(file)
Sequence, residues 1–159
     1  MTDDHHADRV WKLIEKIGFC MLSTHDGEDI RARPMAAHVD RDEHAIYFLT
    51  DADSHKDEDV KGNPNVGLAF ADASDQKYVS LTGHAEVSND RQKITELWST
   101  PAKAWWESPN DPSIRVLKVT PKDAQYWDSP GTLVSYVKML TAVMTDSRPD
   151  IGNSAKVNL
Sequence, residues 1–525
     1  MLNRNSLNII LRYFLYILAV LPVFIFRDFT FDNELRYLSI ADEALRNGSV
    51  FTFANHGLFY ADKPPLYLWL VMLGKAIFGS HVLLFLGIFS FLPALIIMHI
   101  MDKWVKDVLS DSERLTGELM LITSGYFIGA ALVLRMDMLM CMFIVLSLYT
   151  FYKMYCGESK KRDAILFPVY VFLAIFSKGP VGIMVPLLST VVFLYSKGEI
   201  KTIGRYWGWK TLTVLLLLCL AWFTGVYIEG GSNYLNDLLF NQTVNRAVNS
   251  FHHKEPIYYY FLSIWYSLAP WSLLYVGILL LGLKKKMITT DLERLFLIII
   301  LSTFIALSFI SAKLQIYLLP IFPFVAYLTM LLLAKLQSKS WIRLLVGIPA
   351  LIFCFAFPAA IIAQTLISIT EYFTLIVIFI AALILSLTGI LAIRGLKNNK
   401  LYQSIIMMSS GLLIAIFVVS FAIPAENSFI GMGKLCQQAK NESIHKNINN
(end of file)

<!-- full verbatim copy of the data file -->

Sequence, residues 1–159
     1  MTDDHHADRV WKLIEKIGFC MLSTHDGEDI RARPMAAHVD RDEHAIYFLT
    51  DADSHKDEDV KGNPNVGLAF ADASDQKYVS LTGHAEVSND RQKITELWST
   101  PAKAWWESPN DPSIRVLKVT PKDAQYWDSP GTLVSYVKML TAVMTDSRPD
   151  IGNSAKVNL
Sequence, residues 1–525
     1  MLNRNSLNII LRYFLYILAV LPVFIFRDFT FDNELRYLSI ADEALRNGSV
    51  FTFANHGLFY ADKPPLYLWL VMLGKAIFGS HVLLFLGIFS FLPALIIMHI
   101  MDKWVKDVLS DSERLTGELM LITSGYFIGA ALVLRMDMLM CMFIVLSLYT
   151  FYKMYCGESK KRDAILFPVY VFLAIFSKGP VGIMVPLLST VVFLYSKGEI
   201  KTIGRYWGWK TLTVLLLLCL AWFTGVYIEG GSNYLNDLLF NQTVNRAVNS
   251  FHHKEPIYYY FLSIWYSLAP WSLLYVGILL LGLKKKMITT DLERLFLIII
   301  LSTFIALSFI SAKLQIYLLP IFPFVAYLTM LLLAKLQSKS WIRLLVGIPA
   351  LIFCFAFPAA IIAQTLISIT EYFTLIVIFI AALILSLTGI LAIRGLKNNK
   401  LYQSIIMMSS GLLIAIFVVS FAIPAENSFI GMGKLCQQAK NESIHKNINN